Venice Travel Guide

Legendary designer Mariano Fortuny assigned the colors for his fabrics’ poetic names: “Rembrandt rust straw and silvery gold,” “Bayou lime green and old ivory,” “seafoam green.” You’ll find these and more at this factory and shop, where 16,000 yards of Egyptian cotton are handcrafted every year.

To rent a costume for the February Carnevale, come here; The shop carries more than 10,000 period pieces.

The extraordinary Gothic structure houses Tintoretto's Paradiso—one of the largest paintings in the world—which hangs in the Sala del Maggiore Consiglio.


For the best view of the city young professionals and artsy types head here to sip glasses of Campari soda and Prosecco.

You’ll find boho-chic styles such as flared knee-length silk skirts in rouge and rust, and kimono jackets in red and fuchsia.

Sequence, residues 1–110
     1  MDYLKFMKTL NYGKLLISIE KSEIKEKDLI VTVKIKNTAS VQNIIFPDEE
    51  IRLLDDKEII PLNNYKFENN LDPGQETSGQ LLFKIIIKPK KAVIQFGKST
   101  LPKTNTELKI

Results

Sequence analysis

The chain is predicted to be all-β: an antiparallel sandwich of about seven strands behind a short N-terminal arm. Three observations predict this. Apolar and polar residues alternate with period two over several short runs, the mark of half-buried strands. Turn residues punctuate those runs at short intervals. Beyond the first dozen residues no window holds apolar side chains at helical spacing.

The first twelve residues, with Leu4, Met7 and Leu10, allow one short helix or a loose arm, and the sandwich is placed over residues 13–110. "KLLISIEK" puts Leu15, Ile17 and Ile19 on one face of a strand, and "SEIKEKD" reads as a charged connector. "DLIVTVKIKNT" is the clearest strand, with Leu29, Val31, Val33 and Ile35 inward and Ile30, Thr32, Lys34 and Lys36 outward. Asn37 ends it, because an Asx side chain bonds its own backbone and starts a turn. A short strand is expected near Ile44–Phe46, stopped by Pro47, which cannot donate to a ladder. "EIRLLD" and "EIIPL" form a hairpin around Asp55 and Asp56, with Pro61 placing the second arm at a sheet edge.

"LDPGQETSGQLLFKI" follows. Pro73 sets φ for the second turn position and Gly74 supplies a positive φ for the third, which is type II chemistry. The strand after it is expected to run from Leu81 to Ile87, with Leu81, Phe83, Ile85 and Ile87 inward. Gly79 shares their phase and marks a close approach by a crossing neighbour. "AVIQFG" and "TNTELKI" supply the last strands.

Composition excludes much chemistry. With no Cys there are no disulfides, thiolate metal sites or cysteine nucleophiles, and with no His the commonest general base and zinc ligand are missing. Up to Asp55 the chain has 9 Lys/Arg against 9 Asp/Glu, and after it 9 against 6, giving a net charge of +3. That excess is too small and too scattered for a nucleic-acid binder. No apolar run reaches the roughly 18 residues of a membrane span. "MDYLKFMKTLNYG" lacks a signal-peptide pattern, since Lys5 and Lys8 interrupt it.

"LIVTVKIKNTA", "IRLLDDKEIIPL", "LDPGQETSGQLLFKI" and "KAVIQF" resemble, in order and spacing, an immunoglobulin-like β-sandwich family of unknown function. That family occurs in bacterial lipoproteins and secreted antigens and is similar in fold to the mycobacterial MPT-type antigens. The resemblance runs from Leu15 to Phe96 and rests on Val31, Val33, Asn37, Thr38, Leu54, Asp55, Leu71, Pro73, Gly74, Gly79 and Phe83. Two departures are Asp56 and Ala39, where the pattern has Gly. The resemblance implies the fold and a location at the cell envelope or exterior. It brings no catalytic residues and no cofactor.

To teach travelers about the ecological challenges facing the city, the sustainable-tourism organization organizes guided walking tours, where you’ll learn about Venice’s preservation efforts.

Upcoming Italian housewares designers showcase a variety of modern pieces—like streamlined, blown-glass bottles—in this chic white-and-wood shop.

You'll feel like a Guggenheim as you take in the heiress's vast inventory of paintings and sculptures while wandering through her former palazzo on the Grand Canal. A recent expansion has given the works by Kandinsky, Pollock and Giacometti (among many others) room to breathe.

Serious collectors come for paintings and sculptures by top contemporary inter- national artists such as Toots Zynsky and Silvia Levenson.

Dried fruits, truffles, 80 kinds of spices, and 100 varieties of chocolate fill the shelves at the best grocery store in town.

The owners of the 62-year-old workshop create their unique handmade papers using a collection of 300 antique Asian printing blocks. The duo specializes in notebooks, wrapping paper, and photo frames.

This historic workshop is frequented both by Vatican priests and fashion designers. Take a guided tour to see how weavers create velvets on 18th- century looms.